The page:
Jul. 27, 2020 Around 900000 out of the total of 4.4 million public sector workers will see pay increases this year of between 2% and 3.1%. This is ahead of the current inflation rate of 0.8%. While unions have welcomed the increases they have highlighted the fact that many workers have lost out after 10 years of pay freezes or below-inflation rises. The latest pay increases cover the armed forces, judiciary and senior civil servants (2%), police and prison staff in England and Wales (2.5%), doctors and dentists (2.8%) and teachers in England (3.1%). Health unions have called for early negotiations for the next pay increase which is due in 2021 while most social care workers are excluded as they are employed by private companies. Workers in local government are currently voting on whether to accept a 2.75% increase. Unions fear that the government is already looking for more pay restraint in future negotiations.
Jul. 27, 2020 The FeSP-UGT and FSC-CCOO public service federations continue to push the government to honour key agreements and commitments some of which date back to 2016. Above all the unions want to see the main agreement (IV) covering state administration workers fully implemented, including a new pay structure. The delay since March 2019 means that workers are already owed anything from €670 to over €2100, depending on their grade. The unions are concerned about the government stalling on this and also saying that any pay increase this year is dependent on the budget for 2021. There are other outstanding issues including the drafting and implementing of equality plans and action on recruitment and promotion. The FSC-CCOO has been organising social media campaigns and protests with a demonstration outside the public service ministry set for 30 July.
Jul. 27, 2020 The Fp Cgil, Cisl Fp and Uil Fpl public service federations have finalised a new collective agreement covering around 15000 managers in local and regional government and the health service. The agreement covers the period 2016-2018 and includes a pay rise of 3.48% which follows the other public sector agreements for that period. Apart from pay, there are provisions covering trade union relations, work-life balance and leave arrangements, including support for women who are victims of violence. The agreement also establishes a joint body to look at innovation and service improvement and there is a commitment to start negotiations on an agreement covering 2019-2021. Only one public sector agreement for the 2016-18 period is now outstanding - the one covering employees of the Presidency and Council of Ministers.
Jul. 15, 2020 The national nurses' association is threatening strike action if the government doesn't agree to talks to address serious understaffing and low pay. The union says that there was already a shortfall of 1500 nurses before the COVID-19 pandemic and the situation has seriously deteriorated as the country has been hit by a second wave. Infection of health staff is increasing with around 1000 nurses now in quarantine while those at work are facing increasing workloads, long working houjs and greater stress. The government has promised some additional funding but the union wants to see urgent action taken, including the recruitment of around 1500 recently qualified nurses and measures to address longstanding issues of low pay.
Jul. 15, 2020 The German subsidiary of the Veolia environmental services multinational has agreed to set up a €1 million pandemic fund after negotiations with the ver.di trade union. The fund will be available until the end of 2020 and will provide financial support of up to €10000 to workers who have been affected by COVID-19. The employees who could benefit include workers with children under 12 who can't find childcare, single parents, workers with other care responsibilities and who have been through family bereavements. The company implemented a short-time working agreement and topped up the funding from the government but is aware that some workers, particularly those on the minimum wage for the sector, have been hard hit.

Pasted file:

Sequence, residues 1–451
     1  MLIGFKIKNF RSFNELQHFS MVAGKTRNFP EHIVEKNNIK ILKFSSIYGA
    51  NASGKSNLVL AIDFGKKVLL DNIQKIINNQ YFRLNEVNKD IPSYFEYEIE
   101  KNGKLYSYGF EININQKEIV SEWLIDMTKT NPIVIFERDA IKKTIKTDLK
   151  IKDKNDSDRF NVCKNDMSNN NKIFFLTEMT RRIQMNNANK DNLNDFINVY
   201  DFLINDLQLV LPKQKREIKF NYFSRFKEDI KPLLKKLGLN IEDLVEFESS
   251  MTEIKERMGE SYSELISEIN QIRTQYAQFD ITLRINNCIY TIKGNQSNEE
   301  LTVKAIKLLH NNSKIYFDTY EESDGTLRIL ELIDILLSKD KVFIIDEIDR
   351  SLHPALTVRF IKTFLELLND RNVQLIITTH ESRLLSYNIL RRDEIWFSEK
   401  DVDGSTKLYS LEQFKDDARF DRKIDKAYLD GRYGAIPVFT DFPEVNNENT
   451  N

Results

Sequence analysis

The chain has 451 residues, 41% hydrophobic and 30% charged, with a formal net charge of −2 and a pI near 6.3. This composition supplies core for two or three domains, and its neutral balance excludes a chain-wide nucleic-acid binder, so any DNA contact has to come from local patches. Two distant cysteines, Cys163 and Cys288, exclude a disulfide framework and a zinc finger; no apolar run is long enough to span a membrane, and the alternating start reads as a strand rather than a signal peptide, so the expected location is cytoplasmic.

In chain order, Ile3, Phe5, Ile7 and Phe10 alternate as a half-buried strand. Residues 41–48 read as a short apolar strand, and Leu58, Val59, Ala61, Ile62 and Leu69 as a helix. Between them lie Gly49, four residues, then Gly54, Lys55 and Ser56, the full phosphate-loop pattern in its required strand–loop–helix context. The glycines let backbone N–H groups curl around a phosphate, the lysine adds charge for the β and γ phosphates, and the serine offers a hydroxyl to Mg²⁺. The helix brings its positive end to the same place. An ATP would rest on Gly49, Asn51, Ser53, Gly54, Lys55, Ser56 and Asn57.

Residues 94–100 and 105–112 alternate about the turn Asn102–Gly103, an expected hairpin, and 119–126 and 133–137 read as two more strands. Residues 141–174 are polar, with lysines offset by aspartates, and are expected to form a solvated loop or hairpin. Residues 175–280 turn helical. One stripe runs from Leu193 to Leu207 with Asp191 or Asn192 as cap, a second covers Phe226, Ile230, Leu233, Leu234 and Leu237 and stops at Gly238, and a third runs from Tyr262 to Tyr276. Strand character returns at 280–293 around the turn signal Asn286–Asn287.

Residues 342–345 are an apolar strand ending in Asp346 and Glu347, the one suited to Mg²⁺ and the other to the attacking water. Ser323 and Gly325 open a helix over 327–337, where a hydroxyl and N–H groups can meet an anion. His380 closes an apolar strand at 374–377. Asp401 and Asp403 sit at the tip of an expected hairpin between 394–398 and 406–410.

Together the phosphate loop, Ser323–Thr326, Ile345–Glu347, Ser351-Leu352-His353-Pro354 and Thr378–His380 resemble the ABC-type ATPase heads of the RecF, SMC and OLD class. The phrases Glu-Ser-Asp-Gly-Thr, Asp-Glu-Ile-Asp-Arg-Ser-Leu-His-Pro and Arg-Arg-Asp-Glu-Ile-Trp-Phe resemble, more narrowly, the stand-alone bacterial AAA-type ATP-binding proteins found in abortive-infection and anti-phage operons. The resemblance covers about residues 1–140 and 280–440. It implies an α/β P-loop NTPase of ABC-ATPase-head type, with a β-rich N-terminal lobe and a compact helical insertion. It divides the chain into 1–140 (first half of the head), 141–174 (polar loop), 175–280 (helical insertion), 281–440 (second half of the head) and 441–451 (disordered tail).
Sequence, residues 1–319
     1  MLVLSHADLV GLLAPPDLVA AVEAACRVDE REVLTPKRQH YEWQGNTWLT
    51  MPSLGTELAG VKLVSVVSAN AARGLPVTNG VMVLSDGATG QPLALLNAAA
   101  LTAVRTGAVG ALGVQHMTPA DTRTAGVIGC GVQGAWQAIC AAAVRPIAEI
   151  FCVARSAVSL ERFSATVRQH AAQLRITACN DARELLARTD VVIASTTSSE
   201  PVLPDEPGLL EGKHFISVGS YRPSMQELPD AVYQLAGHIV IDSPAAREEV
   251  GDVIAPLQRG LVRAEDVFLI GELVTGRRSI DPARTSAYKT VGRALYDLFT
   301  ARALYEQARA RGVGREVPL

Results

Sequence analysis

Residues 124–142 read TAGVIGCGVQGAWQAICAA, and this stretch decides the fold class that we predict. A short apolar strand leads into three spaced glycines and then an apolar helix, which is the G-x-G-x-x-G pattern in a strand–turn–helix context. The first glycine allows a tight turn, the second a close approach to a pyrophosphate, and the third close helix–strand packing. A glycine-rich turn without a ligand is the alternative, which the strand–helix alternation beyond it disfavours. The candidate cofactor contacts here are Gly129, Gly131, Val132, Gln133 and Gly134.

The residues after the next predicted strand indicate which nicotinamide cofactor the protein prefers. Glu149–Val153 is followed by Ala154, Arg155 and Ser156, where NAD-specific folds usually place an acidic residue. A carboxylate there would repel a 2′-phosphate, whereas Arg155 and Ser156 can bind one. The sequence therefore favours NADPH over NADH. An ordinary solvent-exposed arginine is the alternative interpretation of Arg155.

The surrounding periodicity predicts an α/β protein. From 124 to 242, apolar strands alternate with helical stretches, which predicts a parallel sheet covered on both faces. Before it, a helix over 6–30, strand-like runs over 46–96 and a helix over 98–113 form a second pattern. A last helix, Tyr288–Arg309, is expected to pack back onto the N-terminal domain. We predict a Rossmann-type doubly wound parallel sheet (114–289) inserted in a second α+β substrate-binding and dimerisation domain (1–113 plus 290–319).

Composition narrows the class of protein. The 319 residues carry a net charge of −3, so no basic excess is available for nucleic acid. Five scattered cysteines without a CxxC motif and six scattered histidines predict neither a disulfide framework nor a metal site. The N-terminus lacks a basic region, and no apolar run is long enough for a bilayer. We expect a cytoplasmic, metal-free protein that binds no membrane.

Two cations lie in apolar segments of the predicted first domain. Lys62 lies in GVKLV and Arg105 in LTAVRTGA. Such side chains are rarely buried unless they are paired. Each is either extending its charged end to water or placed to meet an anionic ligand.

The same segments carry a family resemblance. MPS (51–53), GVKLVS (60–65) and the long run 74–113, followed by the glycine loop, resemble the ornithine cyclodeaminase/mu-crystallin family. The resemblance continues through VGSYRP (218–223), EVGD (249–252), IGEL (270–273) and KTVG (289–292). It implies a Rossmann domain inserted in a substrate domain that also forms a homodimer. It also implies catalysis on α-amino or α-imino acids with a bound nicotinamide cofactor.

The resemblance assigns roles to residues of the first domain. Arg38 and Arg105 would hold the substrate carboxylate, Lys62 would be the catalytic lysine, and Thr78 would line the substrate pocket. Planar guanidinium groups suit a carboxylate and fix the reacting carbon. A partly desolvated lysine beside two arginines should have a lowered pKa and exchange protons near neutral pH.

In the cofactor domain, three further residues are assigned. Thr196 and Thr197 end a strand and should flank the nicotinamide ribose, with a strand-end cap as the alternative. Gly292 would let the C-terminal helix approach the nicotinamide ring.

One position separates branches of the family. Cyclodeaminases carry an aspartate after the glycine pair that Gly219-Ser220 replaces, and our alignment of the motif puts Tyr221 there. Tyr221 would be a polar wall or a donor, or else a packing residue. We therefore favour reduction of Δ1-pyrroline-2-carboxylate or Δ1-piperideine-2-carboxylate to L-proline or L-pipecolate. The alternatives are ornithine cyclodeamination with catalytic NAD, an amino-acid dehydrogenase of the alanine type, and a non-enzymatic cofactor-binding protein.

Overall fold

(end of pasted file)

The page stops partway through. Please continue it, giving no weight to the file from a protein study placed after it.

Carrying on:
Jul. 13, 2020 Portuguese health workers are the latest to get a bonus (50% of basic pay) for their work in working in the emergency situation created by the COVID-19 pandemic. In the Netherlands all care workers get €1000 while in Germany so far it has only been workers in eldercare who get a €1500 payment. In Belgium, some health workers are getting €300 while workers in private health and social care in Austria received €500, the same as frontline staff in Bulgaria. In the UK all care workers in Wales have received a payment of €570. In contrast to these lump sums, the COVID-19 payments for health staff in the Czech Republic are additional payments per hours ranging from €3.70, to €18.50 and €55.30 depending on their level of exposure to risk. In Sweden, an agreement on emergency work was already in place before COVID-19 hit and this meant that health workers could get additional payments of 120% of their hourly rate, rising to 150% for overtime hours.
Jul. 13, 2020 Health and social care unions have reacted differently to the government's €7.5 billion package on pay and jobs. The CFDT has welcomed the proposals that it says will mean a €90 net increase a month for most health workers from September with a further €93 increase from March 2021. On top of this a working group will be set up to look at revaluating pay for certain occupations which will be implemented in January 2022. The lowest paid workers in the sector, currently on the minimum wage should see their pay increase by 15%. Around 8000 jobs will be created and 7300 vacancies filled. The FO trade union is supporting the proposal on the basis that it is a first step in the right direction. The CGT is disappointed by the package particularly because it says does not go far enough to address the problem of proper compensation for long working hours with nothing offered in relation to on-call and overtime, nor anything extra for night, weekend and holiday work. The union has called for support for a demonstration already planned for 14 July and warns that further resignations of health staff were likely and will only add to the pressure on services.